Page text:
Types of Machine Learning: A High-Level Introduction

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In machine learning, we distinguish between several types and subtypes of learning and several learning techniques.

Broadly speaking, machine learning comprises supervised learning, unsupervised learning, and reinforcement learning. Problems that do not fall neatly into one of these categories can often be classified as semi-supervised learning, self-supervised learning, or multi-instance learning. In supervised learning, we generally distinguish between regression and classification problems.

Regression vs Classification

Supervised learning tasks involve either a regression problem or classification problem.

In a regression scenario, the model attempts to predict a continuous numerical output. An example is predicting the price of a house. If your model returns an exact dollar value, you have a regression model.

A classification problem involves classifying examples into groups. We could train a housing price model to classify houses into one of several pricing groups. In that case, we are dealing with a classification problem.

For beginners, the difference between the two approaches may not always be as clear-cut.

Besides the difference in the predicted output, the two approaches are similar with regard to the predictors. The predictors can have real or discrete values.
Classification models often return a class probability, a continuous output, rather than a class label. Outcomes are sorted into the class with the highest associated probability returned by the model.
Regression models may predict integer values that could also be interpreted as classes. For example, a housing price model that returns a dollar-accurate price could be interpreted as a classification model in which every possible price is a class.

For evaluating the predictive performance of a model, the distinctions matter, though. Regression models are evaluated differently from classification models.

Evaluating Classification Models

To evaluate a classification model, accuracy is the most commonly used measure. Accuracy is fairly straightforward to calculate since it is just the percentage of the total examples that have been classified correctly. If 800 out of 1000 samples have been classified correctly, your accuracy is 80%
In a binary classification problem such as “Does the patient have a certain disease or not” you would add up the number of patients that have been classified as having the disease and actually have the disease (true positives) and the number of patients that have been classified as not having the disease and that really do not have the disease (true positives). Their percentage of the total number of evaluated cases makes up the accuracy. This result can be visualized in a confusion matrix.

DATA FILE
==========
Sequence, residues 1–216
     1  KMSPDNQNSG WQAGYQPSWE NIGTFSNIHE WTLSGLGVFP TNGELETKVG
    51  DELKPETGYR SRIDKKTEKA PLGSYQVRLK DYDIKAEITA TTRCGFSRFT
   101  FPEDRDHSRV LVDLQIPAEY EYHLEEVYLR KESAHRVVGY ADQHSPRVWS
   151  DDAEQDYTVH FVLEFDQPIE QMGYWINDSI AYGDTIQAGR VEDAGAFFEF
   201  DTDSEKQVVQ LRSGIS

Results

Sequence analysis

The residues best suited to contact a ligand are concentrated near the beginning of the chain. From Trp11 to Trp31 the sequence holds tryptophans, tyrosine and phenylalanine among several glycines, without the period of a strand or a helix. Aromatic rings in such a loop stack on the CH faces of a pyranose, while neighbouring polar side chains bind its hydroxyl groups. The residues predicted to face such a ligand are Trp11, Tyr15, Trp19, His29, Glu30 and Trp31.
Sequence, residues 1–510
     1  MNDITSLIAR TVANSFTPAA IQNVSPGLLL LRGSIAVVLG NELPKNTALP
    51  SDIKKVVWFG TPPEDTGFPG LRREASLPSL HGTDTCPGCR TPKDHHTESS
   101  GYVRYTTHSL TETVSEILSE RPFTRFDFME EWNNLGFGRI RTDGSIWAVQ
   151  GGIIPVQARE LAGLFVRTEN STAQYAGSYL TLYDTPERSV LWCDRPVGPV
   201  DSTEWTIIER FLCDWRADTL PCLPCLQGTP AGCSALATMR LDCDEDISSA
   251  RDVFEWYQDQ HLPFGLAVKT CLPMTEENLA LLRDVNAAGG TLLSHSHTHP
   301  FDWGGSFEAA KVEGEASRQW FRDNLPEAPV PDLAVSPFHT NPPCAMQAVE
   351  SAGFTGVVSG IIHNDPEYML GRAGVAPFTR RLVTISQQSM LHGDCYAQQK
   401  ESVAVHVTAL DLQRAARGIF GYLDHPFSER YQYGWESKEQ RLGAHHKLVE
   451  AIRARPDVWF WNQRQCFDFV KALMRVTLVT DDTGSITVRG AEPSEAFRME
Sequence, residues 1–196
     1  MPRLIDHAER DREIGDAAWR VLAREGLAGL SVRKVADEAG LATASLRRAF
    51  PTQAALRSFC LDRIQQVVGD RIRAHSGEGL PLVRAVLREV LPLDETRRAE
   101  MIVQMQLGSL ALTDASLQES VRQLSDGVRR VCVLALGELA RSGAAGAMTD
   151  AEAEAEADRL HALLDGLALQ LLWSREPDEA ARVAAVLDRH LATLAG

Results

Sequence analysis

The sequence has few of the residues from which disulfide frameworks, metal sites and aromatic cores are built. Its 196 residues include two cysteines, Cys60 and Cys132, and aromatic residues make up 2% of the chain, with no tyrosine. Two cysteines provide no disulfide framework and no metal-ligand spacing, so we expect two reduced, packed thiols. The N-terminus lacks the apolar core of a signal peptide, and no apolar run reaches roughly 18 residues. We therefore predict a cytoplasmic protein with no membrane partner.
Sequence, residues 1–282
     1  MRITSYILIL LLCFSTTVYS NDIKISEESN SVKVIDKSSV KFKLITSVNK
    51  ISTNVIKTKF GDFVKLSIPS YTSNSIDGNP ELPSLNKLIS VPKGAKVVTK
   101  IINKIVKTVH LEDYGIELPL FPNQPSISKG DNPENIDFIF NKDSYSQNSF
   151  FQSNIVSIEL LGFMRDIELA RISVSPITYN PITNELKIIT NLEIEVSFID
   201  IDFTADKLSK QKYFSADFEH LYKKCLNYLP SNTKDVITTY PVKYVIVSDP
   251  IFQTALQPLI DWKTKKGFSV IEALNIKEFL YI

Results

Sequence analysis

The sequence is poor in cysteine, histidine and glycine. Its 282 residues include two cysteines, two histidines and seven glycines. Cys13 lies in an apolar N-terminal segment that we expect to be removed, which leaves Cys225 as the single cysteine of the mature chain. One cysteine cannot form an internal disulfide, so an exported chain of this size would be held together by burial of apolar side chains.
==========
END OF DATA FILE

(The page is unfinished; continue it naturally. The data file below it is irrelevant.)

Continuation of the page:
confusion matrix

So your accuracy is:

\frac{True Positive + TrueNegative}{Total} = \frac{700 + 100}{1000} = 0.8 = 80\%

Accuracy is a crude measure that is often not enough. In man classification scenarios, you are interested in more granular results. For example, if your model is used to predict whether a tumor is malignant or benign, you would care much more about reducing false negatives than false positives. In the second case, the patient might get a shock, but actually, there is no reason to worry. A follow-up test will likely identify her as not having cancer. If you tell a patient who has cancer that she is healthy, you may very well cause premature death. You want your model to have high sensitivity (the ability to identify true positives correctly).

In our case, the sensitivity is calculated as follows:

Sensitivity = \frac{TruePositive}{TruePositive+FalseNegative} 
= \frac{100}{100 + 50} = 0.667 = 67%

I wouldn’t use this model to classify diseases, given this sensitivity.

In other scenarios, you are more interested in the specificity (the ability to identify true negatives correctly). In a legal context, most people would probably agree that false positives (punishing an innocent person) are worse than false negatives (letting a guilty person walk free). You can calculate the specificity as follows:

Specificity = \frac{TrueNegative}{FalsePositive+TrueNegative} 
= \frac{700}{700 + 150} = 0.82 = 82%

The confusion matrix can be extended to cases with more than two classes.

Evaluating Regression Models

Since a regression model predicts a continuous numerical output, you need a more advanced mathematical measure to quantify the error in the prediction. A simple percentage value like accuracy is not enough. The most common measure is the root mean squared error (RMSE). The RMSE measures the average deviation of the predicted value from the actual value and sums up these differences across the entire training set.